In short, an RSS feed is made up of a set of <item> elements, each of which represents some recent, syndicated piece of content. For more information on RSS and the benefits of syndicating content, check out Syndicating Your Web Site's Content with RSS; also consult the RSS 2.0 Specification.

For this example, we want to bind the set of content items to a DataList. Therefore, set the XmlDataSource control's DataFile property to the URL of the remote RSS 2.0 feed source (such as http://aspnet.4guysfromrolla.com/rss/rss.aspx) and the XPath property to /rss/channel/item. This XPath statement instructs the XmlDataSource to return the set of <item> elements, meaning the DataList bound to this XmlDataSource will have one record created for each <item> element in the specified RSS feed.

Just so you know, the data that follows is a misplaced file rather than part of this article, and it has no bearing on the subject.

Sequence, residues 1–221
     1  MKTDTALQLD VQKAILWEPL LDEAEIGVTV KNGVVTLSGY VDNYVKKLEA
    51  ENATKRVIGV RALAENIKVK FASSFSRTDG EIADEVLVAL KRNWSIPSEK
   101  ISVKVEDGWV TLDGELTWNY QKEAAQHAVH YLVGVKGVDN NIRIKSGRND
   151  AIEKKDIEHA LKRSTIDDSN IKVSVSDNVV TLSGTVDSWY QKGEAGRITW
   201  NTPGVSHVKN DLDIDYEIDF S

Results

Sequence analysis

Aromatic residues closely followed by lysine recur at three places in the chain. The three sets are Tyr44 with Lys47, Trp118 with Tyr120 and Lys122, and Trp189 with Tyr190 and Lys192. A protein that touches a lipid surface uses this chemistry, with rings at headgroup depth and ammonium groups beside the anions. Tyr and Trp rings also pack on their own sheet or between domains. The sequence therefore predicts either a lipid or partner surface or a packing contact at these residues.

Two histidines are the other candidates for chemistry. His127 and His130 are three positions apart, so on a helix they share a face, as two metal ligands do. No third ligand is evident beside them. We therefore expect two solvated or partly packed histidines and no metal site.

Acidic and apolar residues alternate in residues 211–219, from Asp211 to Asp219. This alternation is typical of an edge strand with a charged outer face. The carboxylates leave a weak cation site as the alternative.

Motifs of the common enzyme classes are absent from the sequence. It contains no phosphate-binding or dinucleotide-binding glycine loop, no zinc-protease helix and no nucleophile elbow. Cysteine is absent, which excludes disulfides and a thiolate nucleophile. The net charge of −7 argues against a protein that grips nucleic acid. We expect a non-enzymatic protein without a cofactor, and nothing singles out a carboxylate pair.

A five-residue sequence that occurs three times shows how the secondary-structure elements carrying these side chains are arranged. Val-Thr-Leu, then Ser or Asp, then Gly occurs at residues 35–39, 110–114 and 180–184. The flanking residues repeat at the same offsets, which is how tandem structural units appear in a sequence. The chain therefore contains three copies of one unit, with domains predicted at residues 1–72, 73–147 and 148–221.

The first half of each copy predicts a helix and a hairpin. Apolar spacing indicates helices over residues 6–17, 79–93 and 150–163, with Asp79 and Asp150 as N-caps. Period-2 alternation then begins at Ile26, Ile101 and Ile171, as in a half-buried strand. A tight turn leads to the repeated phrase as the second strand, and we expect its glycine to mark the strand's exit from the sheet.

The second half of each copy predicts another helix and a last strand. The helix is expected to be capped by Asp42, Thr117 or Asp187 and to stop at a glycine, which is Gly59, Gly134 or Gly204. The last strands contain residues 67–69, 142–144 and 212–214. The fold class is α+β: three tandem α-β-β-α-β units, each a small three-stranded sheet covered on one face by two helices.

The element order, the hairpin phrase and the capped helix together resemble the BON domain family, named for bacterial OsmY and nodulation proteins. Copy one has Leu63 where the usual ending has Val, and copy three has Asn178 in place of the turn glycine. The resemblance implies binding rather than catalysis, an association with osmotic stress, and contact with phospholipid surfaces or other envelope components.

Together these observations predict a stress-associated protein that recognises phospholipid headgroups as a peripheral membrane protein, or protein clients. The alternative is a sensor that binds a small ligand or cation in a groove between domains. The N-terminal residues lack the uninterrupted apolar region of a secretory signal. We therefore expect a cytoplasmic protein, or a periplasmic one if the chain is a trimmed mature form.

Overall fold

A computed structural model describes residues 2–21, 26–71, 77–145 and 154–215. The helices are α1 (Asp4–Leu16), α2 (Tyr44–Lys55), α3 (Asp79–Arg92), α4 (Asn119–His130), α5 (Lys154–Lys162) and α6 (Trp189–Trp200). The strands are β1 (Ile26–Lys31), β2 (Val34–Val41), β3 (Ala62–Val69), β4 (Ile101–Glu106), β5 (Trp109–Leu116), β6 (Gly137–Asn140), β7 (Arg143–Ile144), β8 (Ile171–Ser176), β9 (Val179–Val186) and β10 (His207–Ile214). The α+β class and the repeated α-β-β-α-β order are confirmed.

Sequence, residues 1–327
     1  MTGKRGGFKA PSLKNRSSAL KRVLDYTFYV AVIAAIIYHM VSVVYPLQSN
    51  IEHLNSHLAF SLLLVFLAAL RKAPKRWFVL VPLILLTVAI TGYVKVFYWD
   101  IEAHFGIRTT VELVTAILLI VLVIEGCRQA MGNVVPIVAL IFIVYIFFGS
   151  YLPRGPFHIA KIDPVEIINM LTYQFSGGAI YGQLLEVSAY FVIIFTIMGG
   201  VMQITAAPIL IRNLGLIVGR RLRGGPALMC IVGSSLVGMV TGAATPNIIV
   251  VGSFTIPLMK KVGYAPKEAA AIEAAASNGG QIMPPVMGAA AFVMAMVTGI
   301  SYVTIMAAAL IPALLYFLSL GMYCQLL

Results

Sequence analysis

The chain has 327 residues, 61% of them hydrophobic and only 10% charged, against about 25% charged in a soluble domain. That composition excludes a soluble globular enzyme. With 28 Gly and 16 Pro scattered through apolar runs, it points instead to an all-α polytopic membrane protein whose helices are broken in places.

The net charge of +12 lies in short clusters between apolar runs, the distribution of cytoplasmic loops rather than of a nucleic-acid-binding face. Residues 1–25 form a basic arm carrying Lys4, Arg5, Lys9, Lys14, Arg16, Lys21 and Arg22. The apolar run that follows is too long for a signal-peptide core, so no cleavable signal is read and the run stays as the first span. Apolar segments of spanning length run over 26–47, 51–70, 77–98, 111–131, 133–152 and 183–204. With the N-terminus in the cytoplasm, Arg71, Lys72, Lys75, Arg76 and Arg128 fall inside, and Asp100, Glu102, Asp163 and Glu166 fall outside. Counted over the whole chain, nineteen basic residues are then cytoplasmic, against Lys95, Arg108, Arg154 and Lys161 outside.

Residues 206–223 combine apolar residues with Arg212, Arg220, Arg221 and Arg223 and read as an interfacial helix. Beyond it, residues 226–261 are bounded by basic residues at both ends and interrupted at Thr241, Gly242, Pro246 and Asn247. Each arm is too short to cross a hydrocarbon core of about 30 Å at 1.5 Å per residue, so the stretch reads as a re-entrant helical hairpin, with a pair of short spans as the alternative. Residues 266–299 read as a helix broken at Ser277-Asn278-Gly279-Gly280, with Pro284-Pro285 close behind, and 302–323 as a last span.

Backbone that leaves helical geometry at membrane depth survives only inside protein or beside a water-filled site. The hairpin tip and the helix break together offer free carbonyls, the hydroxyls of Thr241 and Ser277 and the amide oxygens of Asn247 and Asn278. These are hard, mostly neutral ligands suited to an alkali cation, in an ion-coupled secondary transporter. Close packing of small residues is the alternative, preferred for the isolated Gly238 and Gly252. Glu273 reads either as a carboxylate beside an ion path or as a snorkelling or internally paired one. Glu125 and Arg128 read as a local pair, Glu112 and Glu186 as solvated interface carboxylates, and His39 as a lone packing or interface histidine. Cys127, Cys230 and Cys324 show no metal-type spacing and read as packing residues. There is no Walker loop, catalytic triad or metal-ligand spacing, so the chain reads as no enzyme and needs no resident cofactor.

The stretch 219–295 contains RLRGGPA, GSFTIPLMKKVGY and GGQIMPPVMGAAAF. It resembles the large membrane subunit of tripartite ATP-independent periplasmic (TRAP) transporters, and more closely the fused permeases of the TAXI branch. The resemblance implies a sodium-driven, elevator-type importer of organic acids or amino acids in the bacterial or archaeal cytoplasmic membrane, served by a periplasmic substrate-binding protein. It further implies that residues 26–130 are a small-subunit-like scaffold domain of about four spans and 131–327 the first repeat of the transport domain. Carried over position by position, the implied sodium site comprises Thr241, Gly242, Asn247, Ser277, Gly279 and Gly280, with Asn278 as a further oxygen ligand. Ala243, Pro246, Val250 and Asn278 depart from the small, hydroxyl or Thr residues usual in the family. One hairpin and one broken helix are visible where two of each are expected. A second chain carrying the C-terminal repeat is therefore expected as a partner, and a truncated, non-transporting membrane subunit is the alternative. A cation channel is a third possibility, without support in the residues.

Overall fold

Next, add the DataList and configure its ItemTemplate to display the <title>, <description>, and <pubDate> of each content item, along with a link to read the content (using the <link> element's value). The following markup will work:

<asp:DataList ID="FeedList" runat="server" DataSourceID="RSSFeedDataSource">
    <ItemTemplate>
        <h4>
          <a href='<%# XPath("link") %>'>
            <asp:Label runat="server" ID="TitleLabel" Text='<%# XPath("title") %>'></asp:Label>
          </a>
        </h4>
        <p>
          <i>Published <%#XPath("pubDate")%></i>
        </p>
        <p>
          <asp:Label runat="server" ID="DescriptionLabel" Text='<%# XPath("description") %>'></asp:Label>
        </p>
        <p>
          [<a href='<%# XPath("link") %>'>Read More</a>]
        </p>
        <br />
    </ItemTemplate>
</asp:DataList>

Note how the <# XPath("xpath") %> syntax is used to grab a particular value from the current node bound to the DataList. Since the DataList is bound to a set of <item> nodes, <%# XPath("link") %> will return the value of the current <item> node's <link> element.